The press release for this exhibition consists of an annotated excerpt from a text by 18th-century philosopher Immanuel Kant. Deliberately translated poorly by the artist, the text is almost nonsensical, recalling those literal Google translations. The real point seems to reside in the footnotes, which reveal the magnificently cerebral philosopher to be a troubled being, racked by constipation and sexual repression, requiring the assistance of a long-suffering servant.

Stephen Rhodes’s elaborate installation related to Kant as a historical figure in the same way the translation relates to the original text. Loosely strung together from isolated facts and inventions, the baggy whole, like the translation, descended into near gibberish. Unfortunately, the end product, for all its absurdity, was not nearly as amusing as one feels it was supposed to be.

The darkened gallery was transformed into a theatrical set. Grubby stage flats were splashed with paint and lined with dusty coffee cups and assorted digital and analog clocks. One had to pass through these to reach the main staging area, where four rotating videos were projected onto the wall from a stack of revolving projectors. On screen we saw a disjointed group of vignettes involving several figures in 18th-century dress wandering about in modern settings that are occasionally invaded by contemporary passersby.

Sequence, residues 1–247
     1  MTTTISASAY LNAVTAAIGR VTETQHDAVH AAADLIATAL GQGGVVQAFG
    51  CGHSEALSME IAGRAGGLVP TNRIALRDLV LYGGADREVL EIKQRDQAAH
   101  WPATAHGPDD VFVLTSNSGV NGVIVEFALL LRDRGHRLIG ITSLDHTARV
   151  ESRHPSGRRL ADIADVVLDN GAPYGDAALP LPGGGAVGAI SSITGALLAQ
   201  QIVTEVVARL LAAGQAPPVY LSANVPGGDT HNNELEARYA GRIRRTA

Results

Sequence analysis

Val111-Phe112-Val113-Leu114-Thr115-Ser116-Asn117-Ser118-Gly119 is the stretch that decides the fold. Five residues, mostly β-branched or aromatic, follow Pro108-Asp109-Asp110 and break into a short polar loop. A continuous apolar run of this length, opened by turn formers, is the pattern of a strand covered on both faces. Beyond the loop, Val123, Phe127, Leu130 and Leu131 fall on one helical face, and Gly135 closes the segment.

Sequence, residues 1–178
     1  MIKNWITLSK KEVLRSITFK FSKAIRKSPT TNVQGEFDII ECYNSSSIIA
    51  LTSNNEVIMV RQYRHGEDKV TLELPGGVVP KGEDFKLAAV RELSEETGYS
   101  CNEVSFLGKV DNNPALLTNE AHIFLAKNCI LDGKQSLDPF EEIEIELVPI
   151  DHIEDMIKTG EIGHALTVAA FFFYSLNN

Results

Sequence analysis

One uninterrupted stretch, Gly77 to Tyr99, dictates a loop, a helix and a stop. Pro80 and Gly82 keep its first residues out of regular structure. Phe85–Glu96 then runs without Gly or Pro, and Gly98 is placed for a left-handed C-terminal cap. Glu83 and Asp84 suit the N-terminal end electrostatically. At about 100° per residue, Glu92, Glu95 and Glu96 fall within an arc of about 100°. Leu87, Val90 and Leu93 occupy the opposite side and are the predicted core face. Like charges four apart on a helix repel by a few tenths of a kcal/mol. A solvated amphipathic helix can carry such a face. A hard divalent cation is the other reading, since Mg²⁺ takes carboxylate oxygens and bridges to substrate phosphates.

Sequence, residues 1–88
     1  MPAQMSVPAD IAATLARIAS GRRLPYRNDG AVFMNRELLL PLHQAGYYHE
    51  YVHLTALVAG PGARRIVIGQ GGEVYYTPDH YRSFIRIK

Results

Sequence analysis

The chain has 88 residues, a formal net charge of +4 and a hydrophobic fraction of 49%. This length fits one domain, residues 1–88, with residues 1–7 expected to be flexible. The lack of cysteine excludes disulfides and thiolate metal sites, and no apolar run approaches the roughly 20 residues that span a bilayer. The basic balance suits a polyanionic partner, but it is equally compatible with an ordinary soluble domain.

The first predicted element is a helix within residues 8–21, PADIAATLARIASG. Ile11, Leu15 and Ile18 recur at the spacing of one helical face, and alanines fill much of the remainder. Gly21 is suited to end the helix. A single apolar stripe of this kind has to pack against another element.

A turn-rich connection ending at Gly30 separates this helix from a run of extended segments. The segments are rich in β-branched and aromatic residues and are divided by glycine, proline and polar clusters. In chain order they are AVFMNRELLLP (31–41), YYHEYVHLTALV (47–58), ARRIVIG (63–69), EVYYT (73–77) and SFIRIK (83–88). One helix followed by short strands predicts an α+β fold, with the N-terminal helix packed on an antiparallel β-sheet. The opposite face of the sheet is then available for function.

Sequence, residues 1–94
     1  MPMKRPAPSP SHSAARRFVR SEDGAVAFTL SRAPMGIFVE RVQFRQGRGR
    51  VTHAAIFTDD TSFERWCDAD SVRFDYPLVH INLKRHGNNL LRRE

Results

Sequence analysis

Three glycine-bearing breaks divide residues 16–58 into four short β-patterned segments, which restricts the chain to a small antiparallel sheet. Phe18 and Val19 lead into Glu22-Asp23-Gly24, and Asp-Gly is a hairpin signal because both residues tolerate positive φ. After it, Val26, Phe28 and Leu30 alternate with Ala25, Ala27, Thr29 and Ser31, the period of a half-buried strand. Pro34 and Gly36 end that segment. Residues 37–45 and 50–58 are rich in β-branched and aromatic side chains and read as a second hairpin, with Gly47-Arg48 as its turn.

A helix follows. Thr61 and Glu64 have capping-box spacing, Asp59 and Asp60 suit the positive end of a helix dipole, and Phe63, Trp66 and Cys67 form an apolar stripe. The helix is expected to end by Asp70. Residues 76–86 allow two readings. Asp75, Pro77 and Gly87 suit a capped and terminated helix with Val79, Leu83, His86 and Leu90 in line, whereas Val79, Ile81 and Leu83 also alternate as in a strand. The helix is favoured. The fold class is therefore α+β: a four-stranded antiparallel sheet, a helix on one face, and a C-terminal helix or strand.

The exterior scenes were dominated by people incessantly pacing, offering images of the central bewigged character, presumably Kant, walking along contemporary highways or parks. Periodically the camera homes in on his boots as he stomps on fallen coffee cups. From the footnotes we were aware that this referred to Kant’s constant coffee-drinking and his constipation-inspired walking bouts. The interior scenes take place in what appears to be a contemporary warehouse where Kant’s otherwise mundane activities—typing, sleeping, drinking coffee and nodding over his desk—are interrupted by outbursts of flames. The videos were accompanied by a ceaseless pounding, suggesting the rhythm of marching feet. Meanwhile, props from the videos, including a charred mattress, a blackened Selectric typewriter and innumerable whole and cracked coffee cups, were scattered throughout the installation.

One can read various philosophical references into the work—for instance, the flames may allude to the Enlightenment; a Fischli-and-Weiss-style string of successive events might imply the principle of cause and effect; and the many clocks, set to different times, may have something to do with Kant’s ideas about the subjective nature of time. Or not. It is something of a relief to escape from the installation with the clomping feet ringing in one’s ears. In the end, the point is as unclear as the text translation. Is this a spoof on the certainties of the Age of Reason? Or is Rhodes simply suggesting that all history, in the immortal words of Henry Ford, is more or less bunk?


Photo: Stephen G. Rhodes: Grundlegung Zur Krankisch Grundrisse Kopf bis Magen Innere Wirkung
Natur Kapputt Aus Gemacht, 2011, 4-channel film installation; at Metro Pictures.